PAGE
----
Demonstrators in cities around the country, including chicago, spilled into the streets in an attempt to put the issue of immigration reform on the front burner of lawmakers' agendas.
Immigration is also a hot-button issue for the presidential candidates. And the Republican frontrunners agree on finishing the fence that separates the U.S. from Mexico and beefing up border patrols. But they're split on how to handle the undocumented workers who already live here.
Senator John McCain and former New York City Mayor Rudy Giuliani both want to create a pathway to legal citizenship that requires undocumented workers to pay fines and learn English. In addition, Giuliani wants to issue biometric ID cards, while McCain favors the establishment of a guest worker program.
Former governors Mike Huckabee and Mitt Romney both say "no" to letting illegals become citizens. And they want to toughen the penalties against companies that employ them. Huckabee would give illegal immigrants 120 days to register and then leave the country. Romney wants to cut funding to cities that don't enforce immigration laws.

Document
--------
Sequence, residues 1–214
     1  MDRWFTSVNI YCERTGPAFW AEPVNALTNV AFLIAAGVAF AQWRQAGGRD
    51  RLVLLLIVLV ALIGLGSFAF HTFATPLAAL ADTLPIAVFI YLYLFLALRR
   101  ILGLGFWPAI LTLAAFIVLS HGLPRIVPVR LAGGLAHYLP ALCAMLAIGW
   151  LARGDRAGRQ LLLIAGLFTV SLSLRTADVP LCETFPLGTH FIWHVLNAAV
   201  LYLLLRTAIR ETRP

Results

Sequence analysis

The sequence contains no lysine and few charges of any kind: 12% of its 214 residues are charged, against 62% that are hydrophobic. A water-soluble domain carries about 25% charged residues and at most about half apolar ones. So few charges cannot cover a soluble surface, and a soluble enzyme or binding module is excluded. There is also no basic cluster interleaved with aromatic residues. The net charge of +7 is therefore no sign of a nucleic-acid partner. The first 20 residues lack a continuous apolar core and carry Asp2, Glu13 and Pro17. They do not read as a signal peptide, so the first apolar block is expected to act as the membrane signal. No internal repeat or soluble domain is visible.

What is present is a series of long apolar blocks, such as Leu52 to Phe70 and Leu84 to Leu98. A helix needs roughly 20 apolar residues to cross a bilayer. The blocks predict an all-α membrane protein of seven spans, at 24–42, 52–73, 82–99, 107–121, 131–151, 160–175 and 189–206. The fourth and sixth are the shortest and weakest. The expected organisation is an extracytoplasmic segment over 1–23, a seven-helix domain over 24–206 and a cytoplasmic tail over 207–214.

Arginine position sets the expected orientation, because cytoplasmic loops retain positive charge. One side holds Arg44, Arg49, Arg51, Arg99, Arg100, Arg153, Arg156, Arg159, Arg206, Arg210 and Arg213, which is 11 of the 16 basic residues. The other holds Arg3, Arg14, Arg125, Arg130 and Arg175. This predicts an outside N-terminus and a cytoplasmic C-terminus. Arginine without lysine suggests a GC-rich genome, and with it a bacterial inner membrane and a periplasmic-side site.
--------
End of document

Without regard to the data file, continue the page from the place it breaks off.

The leading Democrats would also stiffen the penalties against employers that hire undocumented workers. And they support a fence along the border with Mexico. But they also favor a legalization process that includes fines and learning English.
But Democrats are divided over the creation of a guest worker program and the granting of drivers' licenses to illegals.
Senator Hillary Clinton and Former Senator John Edwards oppose both initiatives, while Senator Barack Obama stands alone among the candidates in both parties in supporting those two programs.
The immigration issue used to be about little more than jobs, a fear that foreigners working on the cheap were depriving Americans of employment opportunities. But the attacks on 9-11 refocused the issue on homeland security. And now, with both concerns inextricably linked, this issue is complicated, and there are no easy solutions.